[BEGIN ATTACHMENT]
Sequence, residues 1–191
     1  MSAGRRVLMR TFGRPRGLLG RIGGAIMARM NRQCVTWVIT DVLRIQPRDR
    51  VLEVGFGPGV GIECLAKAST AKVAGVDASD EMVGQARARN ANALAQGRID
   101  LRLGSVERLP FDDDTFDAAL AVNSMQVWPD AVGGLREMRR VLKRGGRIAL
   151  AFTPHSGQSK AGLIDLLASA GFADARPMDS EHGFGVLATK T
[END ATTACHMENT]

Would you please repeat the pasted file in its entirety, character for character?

Sequence, residues 1–191
     1  MSAGRRVLMR TFGRPRGLLG RIGGAIMARM NRQCVTWVIT DVLRIQPRDR
    51  VLEVGFGPGV GIECLAKAST AKVAGVDASD EMVGQARARN ANALAQGRID
   101  LRLGSVERLP FDDDTFDAAL AVNSMQVWPD AVGGLREMRR VLKRGGRIAL
   151  AFTPHSGQSK AGLIDLLASA GFADARPMDS EHGFGVLATK T